Although he failed to contain the 1847–1848 typhus epidemic in Upper Silesia, his report laid the foundation for public health in Germany, as well as his political and social activities. From it, he coined a well known aphorism: “Medicine is a social science, and politics is nothing else but medicine on a large scale”. He participated in the Revolution of 1848, which led to his expulsion from Charité the next year. He published a newspaper Die medicinische Reform (Medical Reform) during this period to disseminate his social and political ideas. He took the first Chair of Pathological Anatomy at the University of Würzburg in 1849. After five years, Charité invited him back to direct its newly built Institute for Pathology, and simultaneously becoming the first Chair of Pathological Anatomy and Physiology at Berlin University. The campus of Charité is now named Campus Virchow Klinikum. He cofounded the political party Deutsche Fortschrittspartei, by which he was elected to the Prussian House of Representatives, and won a seat in the Reichstag. His opposition to Otto von Bismarck’s financial policy resulted in an anecdotal “Sausage Duel” between the two. But he ardently supported Bismarck in his anti-Catholic campaigns, the social revolution he himself named as Kulturkampf (“culture struggle”).
A prolific writer, his scientific writings alone crossed 2,000 in number. Among his books, Cellular Pathology published in 1858 is regarded as the root of modern pathology. This work also popularised the third dictum in cell theory: Omnis cellula e cellula (“All cells come from cells”); although his idea originated in 1855. He founded journals such as Archiv für pathologische Anatomie und Physiologie und für klinische Medizin (now Virchows Archiv), and Zeitschrift für Ethnologie (Journal of Ethnology). The latter is published by German Anthropological Association and the Berlin Society for Anthropology, Ethnology and Prehistory, the societies of which he also founded.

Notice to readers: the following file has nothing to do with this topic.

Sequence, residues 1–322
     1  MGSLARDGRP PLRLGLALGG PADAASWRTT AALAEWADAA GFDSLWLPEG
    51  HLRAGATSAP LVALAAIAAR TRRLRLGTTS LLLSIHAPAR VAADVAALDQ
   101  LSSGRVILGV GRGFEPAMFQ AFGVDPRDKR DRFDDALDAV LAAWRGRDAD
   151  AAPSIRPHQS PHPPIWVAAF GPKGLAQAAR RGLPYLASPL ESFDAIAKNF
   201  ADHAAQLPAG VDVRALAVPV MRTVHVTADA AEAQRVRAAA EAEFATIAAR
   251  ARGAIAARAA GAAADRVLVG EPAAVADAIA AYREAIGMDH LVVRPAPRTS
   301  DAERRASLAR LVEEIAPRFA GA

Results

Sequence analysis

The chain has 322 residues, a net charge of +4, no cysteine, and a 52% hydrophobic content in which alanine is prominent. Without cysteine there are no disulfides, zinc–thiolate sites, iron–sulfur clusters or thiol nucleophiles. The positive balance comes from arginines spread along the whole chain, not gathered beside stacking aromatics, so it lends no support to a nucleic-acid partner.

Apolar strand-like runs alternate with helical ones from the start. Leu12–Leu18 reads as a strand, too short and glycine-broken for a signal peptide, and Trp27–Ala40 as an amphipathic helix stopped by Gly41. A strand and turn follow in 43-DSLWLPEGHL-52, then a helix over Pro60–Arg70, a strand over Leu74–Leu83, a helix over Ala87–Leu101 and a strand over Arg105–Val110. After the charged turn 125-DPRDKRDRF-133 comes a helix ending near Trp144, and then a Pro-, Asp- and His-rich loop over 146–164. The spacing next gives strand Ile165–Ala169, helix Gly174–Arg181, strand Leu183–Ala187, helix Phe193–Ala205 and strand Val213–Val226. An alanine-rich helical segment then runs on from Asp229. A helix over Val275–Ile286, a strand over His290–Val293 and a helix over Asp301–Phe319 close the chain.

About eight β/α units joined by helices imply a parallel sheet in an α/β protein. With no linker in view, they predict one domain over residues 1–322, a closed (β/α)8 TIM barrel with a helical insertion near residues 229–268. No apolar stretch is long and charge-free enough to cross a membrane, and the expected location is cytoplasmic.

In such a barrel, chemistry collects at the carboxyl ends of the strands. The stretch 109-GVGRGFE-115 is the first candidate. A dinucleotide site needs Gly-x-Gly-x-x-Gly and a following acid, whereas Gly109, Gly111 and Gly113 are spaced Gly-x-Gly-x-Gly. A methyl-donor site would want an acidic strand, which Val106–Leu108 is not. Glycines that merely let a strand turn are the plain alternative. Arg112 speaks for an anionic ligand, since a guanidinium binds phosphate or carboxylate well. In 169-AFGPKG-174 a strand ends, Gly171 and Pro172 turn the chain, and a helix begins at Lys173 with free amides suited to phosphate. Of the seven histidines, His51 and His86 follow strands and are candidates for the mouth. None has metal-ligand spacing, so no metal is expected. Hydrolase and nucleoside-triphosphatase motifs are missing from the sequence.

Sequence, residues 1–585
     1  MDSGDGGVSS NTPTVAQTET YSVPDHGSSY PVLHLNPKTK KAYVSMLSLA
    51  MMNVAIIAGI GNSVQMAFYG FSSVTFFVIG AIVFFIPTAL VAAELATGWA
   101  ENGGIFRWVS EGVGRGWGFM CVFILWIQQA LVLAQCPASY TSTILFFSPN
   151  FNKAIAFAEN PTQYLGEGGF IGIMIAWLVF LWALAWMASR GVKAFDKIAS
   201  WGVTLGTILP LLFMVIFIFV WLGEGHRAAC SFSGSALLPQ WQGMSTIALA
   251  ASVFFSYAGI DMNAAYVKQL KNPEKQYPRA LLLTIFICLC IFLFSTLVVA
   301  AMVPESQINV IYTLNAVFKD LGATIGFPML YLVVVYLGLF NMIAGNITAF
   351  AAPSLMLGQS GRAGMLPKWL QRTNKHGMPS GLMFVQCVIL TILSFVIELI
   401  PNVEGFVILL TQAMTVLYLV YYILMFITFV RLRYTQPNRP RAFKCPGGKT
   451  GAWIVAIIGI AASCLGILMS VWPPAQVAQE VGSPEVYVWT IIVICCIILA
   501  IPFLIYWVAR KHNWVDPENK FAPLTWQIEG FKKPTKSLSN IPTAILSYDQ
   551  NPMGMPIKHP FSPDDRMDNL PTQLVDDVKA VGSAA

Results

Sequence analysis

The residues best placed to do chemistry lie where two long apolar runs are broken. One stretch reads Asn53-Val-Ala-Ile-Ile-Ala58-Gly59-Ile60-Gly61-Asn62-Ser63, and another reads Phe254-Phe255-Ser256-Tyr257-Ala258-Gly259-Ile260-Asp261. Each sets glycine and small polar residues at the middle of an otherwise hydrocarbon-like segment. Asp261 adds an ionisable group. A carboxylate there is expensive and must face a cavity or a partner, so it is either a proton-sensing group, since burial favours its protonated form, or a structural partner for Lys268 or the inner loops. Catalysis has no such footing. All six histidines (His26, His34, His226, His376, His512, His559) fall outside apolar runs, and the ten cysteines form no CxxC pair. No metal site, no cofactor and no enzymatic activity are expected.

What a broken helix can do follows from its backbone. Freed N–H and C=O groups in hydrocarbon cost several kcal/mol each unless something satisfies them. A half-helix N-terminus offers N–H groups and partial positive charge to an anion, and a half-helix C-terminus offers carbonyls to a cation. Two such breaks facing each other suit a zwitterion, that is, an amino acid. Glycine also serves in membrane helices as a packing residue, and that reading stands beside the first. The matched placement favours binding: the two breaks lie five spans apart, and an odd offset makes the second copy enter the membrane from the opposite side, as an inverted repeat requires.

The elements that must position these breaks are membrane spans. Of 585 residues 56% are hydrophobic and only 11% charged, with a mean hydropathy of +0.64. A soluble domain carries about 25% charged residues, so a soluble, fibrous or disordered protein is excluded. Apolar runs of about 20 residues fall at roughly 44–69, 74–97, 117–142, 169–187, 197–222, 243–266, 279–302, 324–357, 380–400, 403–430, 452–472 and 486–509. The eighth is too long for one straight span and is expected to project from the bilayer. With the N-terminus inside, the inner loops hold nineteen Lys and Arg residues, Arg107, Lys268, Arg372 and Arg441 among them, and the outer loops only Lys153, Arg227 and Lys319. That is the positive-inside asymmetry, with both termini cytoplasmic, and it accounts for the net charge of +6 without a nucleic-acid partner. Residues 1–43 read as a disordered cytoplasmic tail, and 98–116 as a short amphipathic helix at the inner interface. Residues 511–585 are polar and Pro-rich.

Virchow was the first to precisely describe and give names of diseases such as leukemia, chordoma, ochronosis, embolism, and thrombosis. He coined scientific terms, chromatin, agenesis, parenchyma, osteoid, amyloid degeneration, and spina bifida. His description of the transmission cycle of a roundworm Trichinella spiralis established the importance of meat inspection, which was started in Berlin. He developed the first systematic method of autopsy involving surgery of all body parts and microscopic examination. A number of medical terms are named after him, including Virchow’s node, Virchow–Robin spaces, Virchow–Seckel syndrome, and Virchow’s triad. He was the first to use hair analysis in criminal investigation, and recognised its limitations. His laborious analyses of the hair, skin, and eye colour of school children made him criticise the Aryan race concept as a myth.
He was an ardent anti-evolutionist. He referred to Charles Darwin as “ignoramus” and his own student Ernst Haeckel, the leading advocate of Darwinism in Germany, as a “fool”. He discredited the original specimen of Neanderthal as nothing but that of a deformed human, and not an ancestral species. He was an agnostic.
In 1861, he was elected a foreign member of the Royal Swedish Academy of Sciences. In 1892, he was awarded the Copley Medalof the British Royal Society. He was elected to the Prussian Academy of Sciences in 1873, and entitled an ennoblement “von Virchow”, but which he declined. [Wikipedia]